Facebook Twitter
Select All Content
STEMbite Collection
Physics in the Real World
NASA Collection
Real World—Physics
Worked Examples
Khan Academy Collection
The Concord Consortium Collection
PhET Collection
Select an item from the left column to display a list of Topics.
(To select multiple items, hold down the command or control key.)
Topic Name
hide column
Teaching Physics Blog

AP Physics:The Physics of Osmos

More Blog Posts

Learning Objectives

• Students will be able to recognize and explain physics concepts in novel situations.

Assessment Type
This activity asks students to recognize physics concepts within the video game Osmos. Students are then asked to use the video game to demonstrate and explain the concept that they have identified. This activity can be used as a formative assessment of student understanding or as a summative assessment after a comprehensive introduction to kinematics or momentum.

Assignment Details
  • Students should then download and install the free demo of Osmos, which is available on a variety of platforms including Windows and Mac computers (http://www.hemispheregames.com/osmos/). Osmos is also available for purchase through the iTunes App Store for iPad, iPhone, and iPod Touch.
  • Students will experiment with the game, looking for physics concepts that could be demonstrated using the video game as their laboratory.
  • Using screen capture images or free video screen capture software (such as Jing: http://www.techsmith.com/jing/), students can create their own video demonstration and post it to YouTube as a response to the original "Physics of Osmos" video.

Instructor's Notes
  • There are a wide variety of concepts that can be demonstrated with this game. If students' need help identifying possible topics, direct them toward: Newton's 1st, 2nd, or 3rd law, elastic collisions, inelastic collisions, conservation of momentum, or rocket propulsion.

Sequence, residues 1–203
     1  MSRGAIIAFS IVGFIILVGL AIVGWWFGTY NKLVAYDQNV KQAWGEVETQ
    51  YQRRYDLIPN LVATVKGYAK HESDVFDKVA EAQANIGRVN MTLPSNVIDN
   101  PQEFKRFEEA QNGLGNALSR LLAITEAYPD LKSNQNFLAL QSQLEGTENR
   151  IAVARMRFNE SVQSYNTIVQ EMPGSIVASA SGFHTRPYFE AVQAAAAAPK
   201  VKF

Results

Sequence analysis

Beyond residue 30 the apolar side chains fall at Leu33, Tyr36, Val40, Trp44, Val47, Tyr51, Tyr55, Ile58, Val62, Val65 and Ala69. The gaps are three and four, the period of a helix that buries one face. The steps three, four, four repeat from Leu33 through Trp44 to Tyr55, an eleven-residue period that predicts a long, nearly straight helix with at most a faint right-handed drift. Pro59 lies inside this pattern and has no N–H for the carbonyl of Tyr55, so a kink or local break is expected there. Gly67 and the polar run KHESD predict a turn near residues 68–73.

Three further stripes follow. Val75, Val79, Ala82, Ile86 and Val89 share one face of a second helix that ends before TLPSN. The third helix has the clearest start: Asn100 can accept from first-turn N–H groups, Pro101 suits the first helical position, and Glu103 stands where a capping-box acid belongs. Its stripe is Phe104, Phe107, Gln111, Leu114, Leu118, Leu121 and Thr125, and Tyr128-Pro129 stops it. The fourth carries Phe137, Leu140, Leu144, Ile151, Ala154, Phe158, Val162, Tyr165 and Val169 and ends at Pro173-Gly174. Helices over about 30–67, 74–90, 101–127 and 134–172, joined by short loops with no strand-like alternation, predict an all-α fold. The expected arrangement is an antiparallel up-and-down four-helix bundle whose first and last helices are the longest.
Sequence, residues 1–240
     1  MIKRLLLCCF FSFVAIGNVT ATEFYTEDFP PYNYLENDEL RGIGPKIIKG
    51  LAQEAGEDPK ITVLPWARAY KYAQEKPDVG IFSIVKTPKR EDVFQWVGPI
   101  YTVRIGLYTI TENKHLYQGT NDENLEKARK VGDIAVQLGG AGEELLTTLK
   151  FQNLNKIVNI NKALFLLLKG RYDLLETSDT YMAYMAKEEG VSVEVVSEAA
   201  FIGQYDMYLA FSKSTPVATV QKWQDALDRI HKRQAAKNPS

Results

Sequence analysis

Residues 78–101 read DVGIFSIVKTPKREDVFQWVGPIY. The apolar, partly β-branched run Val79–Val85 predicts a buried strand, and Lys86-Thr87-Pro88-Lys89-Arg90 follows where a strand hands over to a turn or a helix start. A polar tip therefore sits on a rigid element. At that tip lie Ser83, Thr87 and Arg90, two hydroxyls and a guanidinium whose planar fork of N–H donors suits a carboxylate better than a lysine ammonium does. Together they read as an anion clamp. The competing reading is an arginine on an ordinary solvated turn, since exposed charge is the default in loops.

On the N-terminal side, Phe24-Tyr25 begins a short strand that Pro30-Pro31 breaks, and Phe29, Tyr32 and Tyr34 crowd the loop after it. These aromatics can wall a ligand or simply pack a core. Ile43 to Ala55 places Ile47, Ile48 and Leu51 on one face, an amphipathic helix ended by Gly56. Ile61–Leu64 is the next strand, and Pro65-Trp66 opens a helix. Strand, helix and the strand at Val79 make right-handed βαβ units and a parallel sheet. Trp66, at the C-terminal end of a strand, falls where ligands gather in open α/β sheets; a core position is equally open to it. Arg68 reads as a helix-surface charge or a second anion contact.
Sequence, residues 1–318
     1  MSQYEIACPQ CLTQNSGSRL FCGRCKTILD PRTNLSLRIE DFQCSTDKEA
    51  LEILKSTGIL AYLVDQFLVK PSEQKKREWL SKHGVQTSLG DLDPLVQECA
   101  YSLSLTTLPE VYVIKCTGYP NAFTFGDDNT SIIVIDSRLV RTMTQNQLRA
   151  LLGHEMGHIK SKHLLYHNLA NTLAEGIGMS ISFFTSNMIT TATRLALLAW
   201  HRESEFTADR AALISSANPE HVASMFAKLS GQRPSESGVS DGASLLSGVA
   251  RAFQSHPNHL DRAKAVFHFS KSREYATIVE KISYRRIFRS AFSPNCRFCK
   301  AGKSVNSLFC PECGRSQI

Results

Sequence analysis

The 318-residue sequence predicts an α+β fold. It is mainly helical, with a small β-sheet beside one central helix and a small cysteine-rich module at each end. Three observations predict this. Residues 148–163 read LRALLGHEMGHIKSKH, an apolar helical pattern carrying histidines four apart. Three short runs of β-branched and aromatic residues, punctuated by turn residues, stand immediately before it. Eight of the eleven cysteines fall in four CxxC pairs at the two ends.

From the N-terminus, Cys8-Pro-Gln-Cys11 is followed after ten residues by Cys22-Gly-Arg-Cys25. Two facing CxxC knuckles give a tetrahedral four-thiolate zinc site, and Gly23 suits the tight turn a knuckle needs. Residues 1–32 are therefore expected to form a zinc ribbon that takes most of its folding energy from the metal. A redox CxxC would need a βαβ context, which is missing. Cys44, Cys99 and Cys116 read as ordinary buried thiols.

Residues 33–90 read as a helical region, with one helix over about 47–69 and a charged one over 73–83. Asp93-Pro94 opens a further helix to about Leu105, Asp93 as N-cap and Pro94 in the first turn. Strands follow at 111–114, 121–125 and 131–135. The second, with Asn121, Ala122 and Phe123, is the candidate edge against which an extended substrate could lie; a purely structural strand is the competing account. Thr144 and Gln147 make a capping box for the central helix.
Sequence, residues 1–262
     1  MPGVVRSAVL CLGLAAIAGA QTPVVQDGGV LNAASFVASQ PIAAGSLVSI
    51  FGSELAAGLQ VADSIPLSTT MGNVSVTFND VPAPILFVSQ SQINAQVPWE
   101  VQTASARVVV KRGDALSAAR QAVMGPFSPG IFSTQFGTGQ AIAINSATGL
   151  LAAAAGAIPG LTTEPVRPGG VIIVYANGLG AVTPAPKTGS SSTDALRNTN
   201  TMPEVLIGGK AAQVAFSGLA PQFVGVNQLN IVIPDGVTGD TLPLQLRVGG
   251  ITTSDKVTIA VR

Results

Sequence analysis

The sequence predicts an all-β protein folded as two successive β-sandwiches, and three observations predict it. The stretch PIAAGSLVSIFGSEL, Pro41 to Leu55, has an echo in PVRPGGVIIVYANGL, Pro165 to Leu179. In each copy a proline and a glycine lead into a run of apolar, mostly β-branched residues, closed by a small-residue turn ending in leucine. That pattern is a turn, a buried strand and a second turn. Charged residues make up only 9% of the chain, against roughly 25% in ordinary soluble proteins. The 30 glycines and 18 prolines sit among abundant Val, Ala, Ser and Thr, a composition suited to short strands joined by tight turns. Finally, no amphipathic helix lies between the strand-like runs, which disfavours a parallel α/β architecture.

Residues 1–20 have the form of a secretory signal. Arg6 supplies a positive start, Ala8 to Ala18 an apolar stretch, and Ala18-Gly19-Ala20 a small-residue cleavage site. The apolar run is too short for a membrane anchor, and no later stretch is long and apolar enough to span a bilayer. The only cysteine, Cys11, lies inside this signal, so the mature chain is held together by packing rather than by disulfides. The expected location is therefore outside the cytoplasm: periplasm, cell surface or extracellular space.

• Using later levels of the game, students can also explore gravitation and orbits, these levels could be used as a demonstration of Kepler's Laws, uniform circular motion, or simple harmonic motion.
  • As a possible follow-up to this activity, include screenshots from Osmos on an end-of-unit test or final exam. Ask students to solve a problem involving the glowing orbs or to explain a concept in the context of the game.
  • The following could be used as a simple rubric for evaluating this student project:
    (10 pts) - Physics concept is named and explained in the video
    (5 pts) - Concept is convincingly demonstrated using the game
    (3 pts) - Video is clear, concise, and easily understandable
    (2 pts) - Student showed creativity or insight in their demonstration

How to Make a Playlist on HippoCampus:
A four-minute tutorial video
NIST Reference on Constants, Units, and Uncertainty:
AP Physics B Site from Dolores Gende, AP Central's content advisor for physics since 2004:
College Board's AP Physics C: Electricity and Magnetism Course Home Page:
College Board's AP Physics C: Mechanics Course Home Page:

HippoCampus and NROC are trademarks of the Monterey Institute for Technology and Education. Copyright Tue Mar 20 04:17:34 UTC 2018 Monterey Institute for Technology and Education. Click here for our Terms of Use and our Privacy Policy.